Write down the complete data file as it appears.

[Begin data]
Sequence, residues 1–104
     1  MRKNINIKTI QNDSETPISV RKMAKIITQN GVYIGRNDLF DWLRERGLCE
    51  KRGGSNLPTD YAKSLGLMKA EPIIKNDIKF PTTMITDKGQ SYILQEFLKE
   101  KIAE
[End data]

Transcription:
Sequence, residues 1–104
     1  MRKNINIKTI QNDSETPISV RKMAKIITQN GVYIGRNDLF DWLRERGLCE
    51  KRGGSNLPTD YAKSLGLMKA EPIIKNDIKF PTTMITDKGQ SYILQEFLKE
   101  KIAE